Career Assessment Inventory (CAI)


The Career Assessment Inventory takes individual’s workplace interests and compares them with other individuals currently in one of the 111 careers in their database.  The instrument helps college-bound and non-college bond people find a job geared towards their interests.

There are currently two version of the CAI – The Enhanced Version and the Vocational Version.  The Vocational version targets careers in which less than two years of post-secondary training are necessary.

The Enhanced Version includes a 370-item report using a 5-point scale for responses. Testing takes 35 to 40 minutes to complete and is done online or pencil-to-paper format.

Author

Charles B. Johansson

Where to Purchase

Pearson Assessments

Orange County Testing Services

Administration, Analysis and Reporting

Statistics Solutions consists of a team of professional methodologists and statisticians that can assist the student or professional researcher in administering the survey instrument, collecting the data, conducting the analyses and explaining the results.

For additional information on these services, click here.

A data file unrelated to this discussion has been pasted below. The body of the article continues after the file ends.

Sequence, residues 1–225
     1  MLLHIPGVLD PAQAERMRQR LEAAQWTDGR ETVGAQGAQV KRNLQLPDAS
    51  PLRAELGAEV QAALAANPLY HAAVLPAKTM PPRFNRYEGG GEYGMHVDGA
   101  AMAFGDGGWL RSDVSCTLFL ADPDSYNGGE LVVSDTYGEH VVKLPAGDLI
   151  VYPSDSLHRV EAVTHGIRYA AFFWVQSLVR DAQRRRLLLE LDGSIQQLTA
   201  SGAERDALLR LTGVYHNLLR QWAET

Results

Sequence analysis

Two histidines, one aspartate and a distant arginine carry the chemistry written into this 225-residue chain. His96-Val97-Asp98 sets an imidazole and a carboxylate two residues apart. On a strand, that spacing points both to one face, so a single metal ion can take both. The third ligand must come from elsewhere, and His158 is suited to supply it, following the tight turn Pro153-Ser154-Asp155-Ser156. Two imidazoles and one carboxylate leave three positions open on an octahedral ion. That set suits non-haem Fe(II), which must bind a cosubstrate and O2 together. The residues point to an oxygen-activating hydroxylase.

Reliability and Validity

The Career Assessment Inventory is well known and well established instrument, used as a norm for many in searching for careers.  Test-retest correlation ranged from 0.91 to 0.96 for the general theme scales; 0.88 to 0.95 for the basic interest scale; 0.81 to 0.96 for the occupational scales (Zarrella & Schuerger, 1990).  An internal consistency coefficient between 0.89 and 0.92 supports high content validity.  The CAI is strongly like with the Strong-Campbell Interest Inventory, the Kuder Occupational Interest Survey, and Jackson Vocational Interest Survey.  There is only one study available concerning the application of the CAI.

References

Elosua, P. (2007).  Assessing vocational interests in the Basque Country using paired comparison design.  University of the Basque Country.

Jagger, L., Neukrug, E., & McAuliffe, G. (1992).  Congruence between personality traits and chosen occupation as a predictor of job satisfaction for people with disabilities. Rehabilitation Counseling Bulletin, 36, 53-60.

Naylor, F.D., Kidd, G.J. (1991).  The Predictive Validity of the Investigative Scale of the Career Assessment Inventory.  Educational and Psychological Measurement, Vol. 51, No.1, 217-226.

Zarrella, K.L., & Schuerger, J.M. (1990).  Temporal stability of occupational interest inventories. Psychological Reports,66, 1067-1074.


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